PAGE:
Ever since life threw a wrench in our budget, we’ve had to live with the fact that we are back in debt.
This was a big change for us. For the past seven years, we had no debt except for mortgage. It was a wonderful luxury we enjoyed, and going back into debt certainly wasn’t one of my proudest moments.
Life has changed now that we’re back in debt, and while I cannot wait until our car loan is paid off, there has been some good that has come out of the experience.
How Life Has Changed Now That We’re Back In Debt
Being back in debt after all these years has been a humbling experience that has taught us a lot.
We realize how easy it is for your finances to hit a downward spiral.
We had gotten pretty cocky in our financial situation. We felt like we were doing well with our emergency fund and retirement savings. We felt like we were handling things well. The unexpected catastrophic car repair that resulted in us borrowing to buy a new-to-us car was a real eye opener in just how easy it is to get into debt.
And now that our savings is depleted and we’re in debt, we know just how easily we could get into more financial trouble. If our other vehicle (which is 10 years old) were to have problems, or some other house repair came up, it would be a real challenge to keep from accumulating more debt.
This is not a good feeling, but it is one that we had forgotten about when we were debt-free. It’s been humbling and motivating to say the least.
We realized the importance of regular financial maintenance.
The biggest surprise in the process of getting back into debt was finding significant errors on my husband’s credit report. It was a big reminder of why you need to check your credit report regularly. We thought it wasn’t a big deal if we didn’t check it every year because we weren’t borrowing money. That was a mistake.
We also had to get in the habit of making loan payments. Since our current loan provider doesn’t have an auto-pay program, I’ve had to work the task of paying that bill into our financial routine. Thankfully I’m a list-maker and a good calendar keeper, but it’s still a task I have to remember to keep on my to-do-list. It’s also made me think more about our monthly cash flow, so that we can make that payment and still afford to eat.
At this point it’s more of a struggle to get by, and less about getting ahead. Things we should be focusing on, like contributing to both a Roth and Traditional IRA has gone to the wayside. What does IRA stand for? Just about one of the best types of investment retirement vehicles you can have and contribute to, and it stands for, “Individual Retirement Account”.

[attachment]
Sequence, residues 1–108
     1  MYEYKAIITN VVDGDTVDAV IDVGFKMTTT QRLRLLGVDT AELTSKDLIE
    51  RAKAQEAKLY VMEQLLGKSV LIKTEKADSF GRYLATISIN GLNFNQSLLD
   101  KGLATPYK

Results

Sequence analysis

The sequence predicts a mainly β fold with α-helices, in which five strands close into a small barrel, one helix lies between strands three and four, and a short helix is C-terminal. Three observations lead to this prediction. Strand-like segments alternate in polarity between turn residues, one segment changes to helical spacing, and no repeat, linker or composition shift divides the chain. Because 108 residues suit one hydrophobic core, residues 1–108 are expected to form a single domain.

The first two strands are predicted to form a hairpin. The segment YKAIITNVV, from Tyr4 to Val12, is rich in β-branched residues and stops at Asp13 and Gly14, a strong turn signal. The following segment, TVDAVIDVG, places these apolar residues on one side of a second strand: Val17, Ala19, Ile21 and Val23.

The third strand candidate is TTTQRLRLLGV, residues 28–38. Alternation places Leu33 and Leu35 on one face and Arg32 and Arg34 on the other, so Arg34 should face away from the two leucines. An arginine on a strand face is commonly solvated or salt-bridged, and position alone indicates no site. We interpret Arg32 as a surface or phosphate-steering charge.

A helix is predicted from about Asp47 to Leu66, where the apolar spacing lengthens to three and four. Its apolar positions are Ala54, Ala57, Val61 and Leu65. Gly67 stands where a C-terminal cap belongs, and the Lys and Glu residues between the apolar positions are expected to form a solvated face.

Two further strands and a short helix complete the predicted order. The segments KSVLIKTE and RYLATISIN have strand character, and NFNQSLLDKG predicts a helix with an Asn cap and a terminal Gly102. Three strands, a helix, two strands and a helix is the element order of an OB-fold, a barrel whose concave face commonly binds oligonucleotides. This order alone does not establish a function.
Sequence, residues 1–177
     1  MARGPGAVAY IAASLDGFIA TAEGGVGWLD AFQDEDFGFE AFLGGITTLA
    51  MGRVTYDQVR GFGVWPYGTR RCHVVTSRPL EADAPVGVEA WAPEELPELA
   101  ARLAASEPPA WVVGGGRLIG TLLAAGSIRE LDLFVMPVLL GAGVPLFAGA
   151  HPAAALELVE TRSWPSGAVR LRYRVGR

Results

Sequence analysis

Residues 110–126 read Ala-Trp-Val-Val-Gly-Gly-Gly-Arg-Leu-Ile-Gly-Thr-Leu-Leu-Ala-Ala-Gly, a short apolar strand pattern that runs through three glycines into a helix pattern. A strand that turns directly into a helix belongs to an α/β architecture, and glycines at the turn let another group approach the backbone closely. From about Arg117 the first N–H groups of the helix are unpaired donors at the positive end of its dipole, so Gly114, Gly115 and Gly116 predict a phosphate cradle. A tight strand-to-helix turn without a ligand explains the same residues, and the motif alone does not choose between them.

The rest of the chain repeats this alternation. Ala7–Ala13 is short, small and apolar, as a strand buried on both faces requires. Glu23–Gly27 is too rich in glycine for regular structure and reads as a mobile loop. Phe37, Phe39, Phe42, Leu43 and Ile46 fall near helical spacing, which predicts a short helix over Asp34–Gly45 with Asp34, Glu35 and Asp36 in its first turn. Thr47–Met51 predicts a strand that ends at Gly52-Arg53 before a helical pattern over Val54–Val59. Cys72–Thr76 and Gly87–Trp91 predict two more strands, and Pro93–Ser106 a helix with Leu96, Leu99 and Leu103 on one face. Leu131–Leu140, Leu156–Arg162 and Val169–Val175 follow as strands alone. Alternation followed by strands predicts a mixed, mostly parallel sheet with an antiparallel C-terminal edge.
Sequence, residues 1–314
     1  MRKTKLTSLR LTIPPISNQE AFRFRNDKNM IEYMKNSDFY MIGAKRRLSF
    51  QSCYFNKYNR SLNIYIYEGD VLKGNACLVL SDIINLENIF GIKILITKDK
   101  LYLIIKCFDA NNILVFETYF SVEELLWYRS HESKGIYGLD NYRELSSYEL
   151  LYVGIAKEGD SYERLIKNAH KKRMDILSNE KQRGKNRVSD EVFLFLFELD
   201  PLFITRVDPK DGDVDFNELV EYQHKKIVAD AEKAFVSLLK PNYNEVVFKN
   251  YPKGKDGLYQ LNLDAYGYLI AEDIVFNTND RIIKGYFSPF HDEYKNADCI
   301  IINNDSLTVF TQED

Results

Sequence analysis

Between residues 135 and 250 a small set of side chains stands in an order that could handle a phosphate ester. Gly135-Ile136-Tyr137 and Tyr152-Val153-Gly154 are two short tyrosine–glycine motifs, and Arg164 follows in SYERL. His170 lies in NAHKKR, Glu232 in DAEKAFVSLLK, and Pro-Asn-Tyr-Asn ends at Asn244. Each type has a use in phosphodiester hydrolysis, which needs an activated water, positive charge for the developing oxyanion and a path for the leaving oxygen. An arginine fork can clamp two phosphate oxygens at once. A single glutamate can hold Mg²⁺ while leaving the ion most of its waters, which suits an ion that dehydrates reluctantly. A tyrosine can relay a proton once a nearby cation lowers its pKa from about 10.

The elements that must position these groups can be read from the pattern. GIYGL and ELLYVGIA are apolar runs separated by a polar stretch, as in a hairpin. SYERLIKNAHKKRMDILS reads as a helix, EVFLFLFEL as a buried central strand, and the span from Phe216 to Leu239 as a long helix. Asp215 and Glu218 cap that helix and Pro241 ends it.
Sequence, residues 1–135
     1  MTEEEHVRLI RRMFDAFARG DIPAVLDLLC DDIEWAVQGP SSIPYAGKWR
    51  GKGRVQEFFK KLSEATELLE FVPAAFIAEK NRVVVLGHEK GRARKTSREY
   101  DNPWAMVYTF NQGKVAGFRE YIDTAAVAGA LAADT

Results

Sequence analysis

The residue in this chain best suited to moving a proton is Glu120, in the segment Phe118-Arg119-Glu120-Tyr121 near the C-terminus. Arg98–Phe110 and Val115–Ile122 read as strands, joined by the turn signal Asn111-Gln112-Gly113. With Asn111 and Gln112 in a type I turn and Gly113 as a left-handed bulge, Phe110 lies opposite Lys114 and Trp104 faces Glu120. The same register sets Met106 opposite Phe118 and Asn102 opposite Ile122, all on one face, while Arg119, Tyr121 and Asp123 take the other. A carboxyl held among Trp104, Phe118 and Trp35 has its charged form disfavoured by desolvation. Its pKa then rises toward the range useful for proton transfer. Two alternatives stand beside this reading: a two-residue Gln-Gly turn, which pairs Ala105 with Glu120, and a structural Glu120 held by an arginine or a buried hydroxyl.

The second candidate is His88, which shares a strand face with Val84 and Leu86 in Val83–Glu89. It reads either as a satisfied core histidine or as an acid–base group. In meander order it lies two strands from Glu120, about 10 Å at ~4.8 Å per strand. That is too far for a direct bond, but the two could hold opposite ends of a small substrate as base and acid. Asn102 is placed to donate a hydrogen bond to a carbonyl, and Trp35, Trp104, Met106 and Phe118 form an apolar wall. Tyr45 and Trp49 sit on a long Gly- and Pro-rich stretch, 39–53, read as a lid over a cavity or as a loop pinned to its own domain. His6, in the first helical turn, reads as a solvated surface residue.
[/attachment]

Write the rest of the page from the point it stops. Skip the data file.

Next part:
We’re paying more attention to our other expenses.
We knew if we were going to take on a car payment that something else was going to have to give in our budget. We’ve been using YNAB to figure out exactly where that car payment money will come from. We’ve also been taking a good hard look at places we can make cuts. We recently made a big change to our cell phone bill (which I’ll be sharing more about in a future post), and we’ve been trimming recurring subscriptions we don’t really use.
Thankfully, I had already made plans to kick my soda habit for good, and I’ve stuck to that plan. Now I’m focused on trimming our eating out budget and keeping our grocery budget in check.
We’re focused on rebuilding our savings.
From a purely mathematical standpoint, I understand that it makes more financial sense to focus on paying down our debt before we rebuild our savings. But there’s a good deal to be said about the all-important psychological aspect of having money in the bank for emergencies. I think it’s important to have an emergency fund before paying down debt, and so that’s what we’re doing right now. Every little bit of extra money that’s come our way has gone into our savings. Once it gets to a comfortable place, we’ll start to focus on getting that car loan paid off.
We’re working on additional sources of income to help build savings and pay down the debt.
I’ve been keeping an eye out for freelance projects and other odd jobs I can use to supplement our income. I’m continuing to do online surveys and use Swagbucks to pick up some extra cash and gift cards to stretch our budget. We’ll do another garage sale this summer to clear out some clutter and raise some money.
Our schedules are pretty tight, but we’ll squeeze in some money-earning projects when we can.
Our debt has made us more understanding and less complacent.
We’d gotten a bit complacent about some of our bills and spending. And until we’d gotten back into debt, we’d forgotten what the struggle is like. It’s been a good reminder to us. We realize now how easily situations can change. It has made us realize exactly how much freedom we did have when we were out of debt, and how we much we want to get back to that place.
Life has changed now that we’re back in debt, but it’s changed in a way that will make us stronger.